It has been the experience of many countries that when GST was introduced, there had been a marked increase in inflation and prices of the commodities. This happened in spite of the availability of tax credit right from the production stage to the final consumption stage, which should have actually reduced the final prices. To tackle this, the GST laws have an “anti-profiteering” provision which mandates that all businesses must pass on any reduction in the rate of tax or the benefit of input tax credit to consumers, by way of proportionate reduction in prices.
If this is not done and if any business indulges in illegal profiteering, the consumer’s interest is protected by the National Anti-Profiteering Authority which may order for: (a) reduction in prices; (b) return of the amount not passed on with interest @ 18% to the recipient/consumer; (c) imposition of penalty; and (d) cancellation of registration of the supplier. This Authority ceases to exist after expiry of two years from the date on which its Chairman enters upon his office, unless the GST Council recommends otherwise.
Affected consumers may file an application before the State Screening Committees, if the profiteering is of local nature or before the Standing Committee on Anti-profiteering, if the profiteering has all-India character. Contact details of State Screening Committees are available on the CBEC portal. National-level Standing Committee on Anti-profiteering is located at Second Floor, Bhai Vir Singh Sahitya Sadan, Bhai Vir Singh Marg, Gole Market, New Delhi – 110001. Tel No.: 011-2371537, Fax No.: 011-23741542, e-mail: firstname.lastname@example.org Prescribed application form for filing complaint against anti-profiteering is also available on the CBEC portal.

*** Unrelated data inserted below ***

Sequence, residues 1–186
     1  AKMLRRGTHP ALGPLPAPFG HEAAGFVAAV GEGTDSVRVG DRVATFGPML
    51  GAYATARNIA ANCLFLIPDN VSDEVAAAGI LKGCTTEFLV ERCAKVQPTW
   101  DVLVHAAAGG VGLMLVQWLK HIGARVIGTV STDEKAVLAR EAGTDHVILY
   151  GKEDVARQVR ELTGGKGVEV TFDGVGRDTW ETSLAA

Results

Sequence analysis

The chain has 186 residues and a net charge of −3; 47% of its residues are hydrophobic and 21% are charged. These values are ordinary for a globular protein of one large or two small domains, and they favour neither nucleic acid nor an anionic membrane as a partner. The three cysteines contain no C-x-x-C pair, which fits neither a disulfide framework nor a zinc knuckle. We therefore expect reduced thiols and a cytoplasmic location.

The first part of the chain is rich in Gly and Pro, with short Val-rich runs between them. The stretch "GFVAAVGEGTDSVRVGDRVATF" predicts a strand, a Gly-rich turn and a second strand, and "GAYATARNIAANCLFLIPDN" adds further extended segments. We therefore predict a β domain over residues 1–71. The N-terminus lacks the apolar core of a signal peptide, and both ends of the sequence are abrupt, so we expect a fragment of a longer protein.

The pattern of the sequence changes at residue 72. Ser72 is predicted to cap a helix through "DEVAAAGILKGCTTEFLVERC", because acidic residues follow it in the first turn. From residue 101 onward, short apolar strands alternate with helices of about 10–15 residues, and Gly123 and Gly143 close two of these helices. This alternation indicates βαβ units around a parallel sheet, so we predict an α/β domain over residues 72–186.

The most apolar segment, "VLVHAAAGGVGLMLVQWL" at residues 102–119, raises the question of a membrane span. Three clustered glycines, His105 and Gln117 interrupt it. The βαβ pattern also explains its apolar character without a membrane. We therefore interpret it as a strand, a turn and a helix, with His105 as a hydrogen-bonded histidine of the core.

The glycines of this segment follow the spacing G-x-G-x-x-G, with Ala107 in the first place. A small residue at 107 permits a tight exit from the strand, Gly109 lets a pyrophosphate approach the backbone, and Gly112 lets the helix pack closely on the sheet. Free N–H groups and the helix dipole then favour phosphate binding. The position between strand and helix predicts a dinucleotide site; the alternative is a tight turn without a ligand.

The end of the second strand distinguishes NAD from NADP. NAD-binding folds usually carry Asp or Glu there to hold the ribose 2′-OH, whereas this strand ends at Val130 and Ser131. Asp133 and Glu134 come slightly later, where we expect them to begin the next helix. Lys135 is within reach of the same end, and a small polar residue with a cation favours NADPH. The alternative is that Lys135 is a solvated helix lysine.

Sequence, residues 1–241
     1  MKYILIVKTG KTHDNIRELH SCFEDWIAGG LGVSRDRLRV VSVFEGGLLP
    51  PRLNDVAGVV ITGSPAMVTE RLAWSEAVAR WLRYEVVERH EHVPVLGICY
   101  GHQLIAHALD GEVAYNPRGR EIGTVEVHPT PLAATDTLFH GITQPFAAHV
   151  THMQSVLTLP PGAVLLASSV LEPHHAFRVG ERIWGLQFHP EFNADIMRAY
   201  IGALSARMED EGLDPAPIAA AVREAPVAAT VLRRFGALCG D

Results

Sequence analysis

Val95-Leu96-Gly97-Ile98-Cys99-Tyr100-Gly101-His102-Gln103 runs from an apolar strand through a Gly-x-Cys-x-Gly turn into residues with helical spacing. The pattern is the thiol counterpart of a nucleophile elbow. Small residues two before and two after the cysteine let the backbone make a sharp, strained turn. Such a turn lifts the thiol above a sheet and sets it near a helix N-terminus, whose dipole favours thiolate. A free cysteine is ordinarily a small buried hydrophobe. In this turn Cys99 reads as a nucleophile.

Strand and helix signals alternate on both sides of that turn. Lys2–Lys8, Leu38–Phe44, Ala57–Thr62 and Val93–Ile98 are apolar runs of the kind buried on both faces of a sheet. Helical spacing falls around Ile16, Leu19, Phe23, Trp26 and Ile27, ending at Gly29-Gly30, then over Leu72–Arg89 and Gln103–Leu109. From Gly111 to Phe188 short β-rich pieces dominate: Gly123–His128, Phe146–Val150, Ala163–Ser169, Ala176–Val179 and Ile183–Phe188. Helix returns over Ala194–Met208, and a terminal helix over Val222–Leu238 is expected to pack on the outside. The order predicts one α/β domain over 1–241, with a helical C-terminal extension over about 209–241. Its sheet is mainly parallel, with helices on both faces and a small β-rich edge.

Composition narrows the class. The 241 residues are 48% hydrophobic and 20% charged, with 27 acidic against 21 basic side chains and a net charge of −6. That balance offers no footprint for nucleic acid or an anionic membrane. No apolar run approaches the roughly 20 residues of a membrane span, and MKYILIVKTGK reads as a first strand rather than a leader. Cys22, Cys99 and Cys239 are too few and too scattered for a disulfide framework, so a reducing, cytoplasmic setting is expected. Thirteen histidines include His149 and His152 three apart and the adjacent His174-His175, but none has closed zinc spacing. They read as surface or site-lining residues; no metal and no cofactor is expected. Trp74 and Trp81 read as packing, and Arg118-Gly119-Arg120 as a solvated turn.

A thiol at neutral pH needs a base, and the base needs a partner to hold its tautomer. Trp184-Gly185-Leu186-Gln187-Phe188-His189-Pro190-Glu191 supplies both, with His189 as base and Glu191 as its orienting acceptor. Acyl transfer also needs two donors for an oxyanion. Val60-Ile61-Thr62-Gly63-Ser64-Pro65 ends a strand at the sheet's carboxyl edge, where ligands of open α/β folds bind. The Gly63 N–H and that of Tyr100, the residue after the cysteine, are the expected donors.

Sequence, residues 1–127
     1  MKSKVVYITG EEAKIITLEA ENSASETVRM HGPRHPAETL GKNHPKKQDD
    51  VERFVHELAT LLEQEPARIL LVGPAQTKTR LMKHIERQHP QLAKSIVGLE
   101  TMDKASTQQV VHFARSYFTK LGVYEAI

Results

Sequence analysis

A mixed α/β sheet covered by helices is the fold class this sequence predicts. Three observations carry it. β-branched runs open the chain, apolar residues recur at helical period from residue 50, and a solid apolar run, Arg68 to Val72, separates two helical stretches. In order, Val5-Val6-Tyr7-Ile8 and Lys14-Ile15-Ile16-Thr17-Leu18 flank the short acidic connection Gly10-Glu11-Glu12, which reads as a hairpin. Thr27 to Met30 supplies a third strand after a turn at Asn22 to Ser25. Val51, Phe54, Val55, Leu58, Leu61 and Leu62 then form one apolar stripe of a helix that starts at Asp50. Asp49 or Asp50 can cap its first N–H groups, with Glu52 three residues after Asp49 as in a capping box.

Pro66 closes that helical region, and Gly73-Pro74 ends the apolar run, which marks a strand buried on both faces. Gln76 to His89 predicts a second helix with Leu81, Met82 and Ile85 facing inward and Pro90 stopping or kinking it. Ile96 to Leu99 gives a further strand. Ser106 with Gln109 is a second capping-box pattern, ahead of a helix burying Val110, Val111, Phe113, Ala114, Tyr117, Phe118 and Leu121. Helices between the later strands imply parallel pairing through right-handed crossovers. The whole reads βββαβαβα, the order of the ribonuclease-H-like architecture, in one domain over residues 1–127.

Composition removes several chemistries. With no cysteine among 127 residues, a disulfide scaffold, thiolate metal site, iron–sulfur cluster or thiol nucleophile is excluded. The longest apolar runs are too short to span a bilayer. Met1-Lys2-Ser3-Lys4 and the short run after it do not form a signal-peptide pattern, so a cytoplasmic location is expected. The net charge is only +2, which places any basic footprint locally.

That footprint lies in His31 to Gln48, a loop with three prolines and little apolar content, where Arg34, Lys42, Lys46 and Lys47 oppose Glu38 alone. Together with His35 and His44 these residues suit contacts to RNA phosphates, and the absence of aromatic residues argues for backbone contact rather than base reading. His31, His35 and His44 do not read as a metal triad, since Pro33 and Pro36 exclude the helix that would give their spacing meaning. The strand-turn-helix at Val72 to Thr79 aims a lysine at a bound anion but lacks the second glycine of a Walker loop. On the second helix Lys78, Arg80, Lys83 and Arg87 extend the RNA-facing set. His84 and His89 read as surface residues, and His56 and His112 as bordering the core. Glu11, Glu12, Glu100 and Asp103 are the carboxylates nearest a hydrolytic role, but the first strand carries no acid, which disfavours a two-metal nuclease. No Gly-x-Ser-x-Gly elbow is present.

Administration of GST
Both the Central Government (Central Board of Excise & Customs, to be rechristened soon as Central Board of Indirect Taxes (CBIT)) and State Governments (Commercial Tax Departments) have role in the administration of GST. However, there will be no dual control on taxpayers. Each business registered under GST is assigned either to Centre or respective State. In many States, already this assignment of taxpayers among Centre/State is complete and the lists are displayed on websites of CBEC zonal offices and State Commercial Tax Departments. Further, the assignment of taxpayers will be switched between the Centre and States at regular intervals as decided by GST Council. In view of this, before reporting violations of GST law or to give specific information about GST evasion etc., it is advisable to check which taxpayer is administered by which authority and accordingly address the complaint.